Korea’s Q1 GDP on-quarter drop revised down to 0.4%

2019.06.04 11:22:04 | 2019.06.04 15:15:37

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The South Korean economy in the first quarter performed worse than previously revealed, contracting 0.4 percent, not 0.3 percent, on quarter, according to revised gross domestic product (GDP) data from the Bank of Korea.

According to the finalized data published on Tuesday, Korea’s GDP totaled 455.08 trillion won ($385 billion) in January-March period, adding 1.7 percent on year instead of 1.8 percent previously reported.

The central bank explained that the figures were a tad lower from the preliminary numbers after full reflection of March activities.

The first-quarter performance was the worst since the fourth quarter of 2008 amidst the Wall Street-triggered financial meltdown.

The country’s exports dipped 3.2 percent from a quarter earlier in the January to March period due to the sliding demand for semiconductors and electronics equipment such as liquid crystal display (LCD). It was the weakest since the 4.5 percent contraction in the final quarter in 2017, the bank said. Imports also fell 4.2 percent on quarter as the lukewarm chip shipments led to a fall in imports of related machines and materials.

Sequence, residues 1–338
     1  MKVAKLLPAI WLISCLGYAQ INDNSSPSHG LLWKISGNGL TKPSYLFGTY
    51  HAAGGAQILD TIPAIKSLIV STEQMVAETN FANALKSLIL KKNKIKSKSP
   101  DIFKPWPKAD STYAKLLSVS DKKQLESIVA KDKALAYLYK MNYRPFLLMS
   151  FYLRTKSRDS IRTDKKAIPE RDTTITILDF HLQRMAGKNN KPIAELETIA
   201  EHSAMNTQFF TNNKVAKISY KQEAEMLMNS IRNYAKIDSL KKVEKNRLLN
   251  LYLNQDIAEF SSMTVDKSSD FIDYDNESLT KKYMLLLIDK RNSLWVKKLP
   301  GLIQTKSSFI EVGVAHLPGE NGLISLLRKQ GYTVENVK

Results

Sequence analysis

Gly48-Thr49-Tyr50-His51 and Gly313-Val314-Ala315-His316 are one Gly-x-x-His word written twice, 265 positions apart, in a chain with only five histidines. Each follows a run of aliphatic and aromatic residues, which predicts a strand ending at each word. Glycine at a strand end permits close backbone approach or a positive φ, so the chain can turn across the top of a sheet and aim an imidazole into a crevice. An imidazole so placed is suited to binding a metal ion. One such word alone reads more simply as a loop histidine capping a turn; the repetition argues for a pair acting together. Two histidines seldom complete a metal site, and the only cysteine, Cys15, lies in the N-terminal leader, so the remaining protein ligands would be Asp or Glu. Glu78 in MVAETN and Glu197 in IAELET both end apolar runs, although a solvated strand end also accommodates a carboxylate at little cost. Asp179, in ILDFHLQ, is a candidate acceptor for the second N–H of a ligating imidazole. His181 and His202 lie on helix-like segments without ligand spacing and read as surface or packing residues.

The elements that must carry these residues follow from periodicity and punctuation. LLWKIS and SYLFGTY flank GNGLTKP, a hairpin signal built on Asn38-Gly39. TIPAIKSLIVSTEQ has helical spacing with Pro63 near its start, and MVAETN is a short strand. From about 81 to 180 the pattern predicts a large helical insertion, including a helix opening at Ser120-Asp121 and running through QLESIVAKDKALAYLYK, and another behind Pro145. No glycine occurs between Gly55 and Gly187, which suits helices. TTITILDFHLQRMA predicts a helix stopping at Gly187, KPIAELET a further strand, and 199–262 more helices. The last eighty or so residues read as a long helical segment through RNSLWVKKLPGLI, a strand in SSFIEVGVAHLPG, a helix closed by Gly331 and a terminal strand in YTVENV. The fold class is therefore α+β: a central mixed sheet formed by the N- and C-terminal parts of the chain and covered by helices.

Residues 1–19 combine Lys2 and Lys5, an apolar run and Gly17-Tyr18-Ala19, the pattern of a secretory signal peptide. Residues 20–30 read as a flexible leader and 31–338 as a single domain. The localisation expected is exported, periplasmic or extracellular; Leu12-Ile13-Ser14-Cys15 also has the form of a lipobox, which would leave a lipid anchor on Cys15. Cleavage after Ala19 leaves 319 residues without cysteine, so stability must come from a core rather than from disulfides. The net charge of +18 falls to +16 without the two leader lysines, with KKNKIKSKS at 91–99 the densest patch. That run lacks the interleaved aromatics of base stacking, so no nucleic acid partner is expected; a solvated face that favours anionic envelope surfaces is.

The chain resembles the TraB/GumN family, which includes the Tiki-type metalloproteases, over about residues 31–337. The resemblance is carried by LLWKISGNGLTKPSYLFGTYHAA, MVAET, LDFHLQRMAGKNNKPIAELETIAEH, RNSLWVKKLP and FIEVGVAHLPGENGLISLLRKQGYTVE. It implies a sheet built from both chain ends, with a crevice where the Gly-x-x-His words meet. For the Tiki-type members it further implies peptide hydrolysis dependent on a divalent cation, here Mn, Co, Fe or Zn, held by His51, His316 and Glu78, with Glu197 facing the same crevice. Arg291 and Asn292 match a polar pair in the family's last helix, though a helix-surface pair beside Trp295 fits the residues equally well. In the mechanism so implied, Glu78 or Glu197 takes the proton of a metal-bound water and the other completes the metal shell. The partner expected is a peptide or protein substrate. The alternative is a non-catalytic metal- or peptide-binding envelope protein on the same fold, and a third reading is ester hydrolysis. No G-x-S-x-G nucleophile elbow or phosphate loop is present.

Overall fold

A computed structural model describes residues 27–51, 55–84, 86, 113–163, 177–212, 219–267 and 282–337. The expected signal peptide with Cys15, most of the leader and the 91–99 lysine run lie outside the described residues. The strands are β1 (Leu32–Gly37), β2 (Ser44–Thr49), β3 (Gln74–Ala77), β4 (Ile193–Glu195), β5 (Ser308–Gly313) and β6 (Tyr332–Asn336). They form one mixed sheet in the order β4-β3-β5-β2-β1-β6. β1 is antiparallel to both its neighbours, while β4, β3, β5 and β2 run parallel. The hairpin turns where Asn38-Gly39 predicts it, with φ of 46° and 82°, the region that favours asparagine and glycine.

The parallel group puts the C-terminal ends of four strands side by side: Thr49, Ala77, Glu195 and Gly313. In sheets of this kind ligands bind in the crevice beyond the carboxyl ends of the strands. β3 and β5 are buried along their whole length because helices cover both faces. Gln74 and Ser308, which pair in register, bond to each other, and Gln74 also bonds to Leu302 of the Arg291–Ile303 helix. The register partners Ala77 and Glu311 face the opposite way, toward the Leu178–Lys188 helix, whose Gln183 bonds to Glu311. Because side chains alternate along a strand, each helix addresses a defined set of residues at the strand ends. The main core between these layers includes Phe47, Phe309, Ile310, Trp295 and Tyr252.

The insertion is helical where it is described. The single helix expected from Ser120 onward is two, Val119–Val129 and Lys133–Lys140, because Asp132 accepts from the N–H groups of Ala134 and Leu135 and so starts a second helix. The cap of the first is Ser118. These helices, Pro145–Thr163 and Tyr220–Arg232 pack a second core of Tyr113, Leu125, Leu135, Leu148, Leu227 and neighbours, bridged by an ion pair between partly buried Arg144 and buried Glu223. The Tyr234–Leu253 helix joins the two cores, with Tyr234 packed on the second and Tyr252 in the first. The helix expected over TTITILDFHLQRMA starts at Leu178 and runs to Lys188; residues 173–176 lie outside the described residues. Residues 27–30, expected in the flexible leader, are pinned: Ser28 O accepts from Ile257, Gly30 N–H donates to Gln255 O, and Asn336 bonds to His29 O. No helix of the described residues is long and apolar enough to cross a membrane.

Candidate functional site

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Facility investment tumbled 9.1 percent from the previous quarter, falling at a slower pace than the central bank’s preliminary estimate of 10.8 percent contraction, but it was still the sharpest drop since the fourth quarter in 2008. Construction investment shrank 0.8 percent, sharply retreating from the previous quarter’s 1.8 percent gain.

Meanwhile, the country’s per capita gross national income (GNI) slipped 0.3 percent on quarter, the weakest since the second quarter last year when it fell 0.6 percent.

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GNI per capita is the total value of income earned by residents of a country in a year, divided by its population. It reflects the average standard of living in a country. The fall in the first quarter was driven by the contraction of the real GDP coupled with the plunge in net income generated from abroad, according to the data.

By Kim Yeon-joo and Choi Mira

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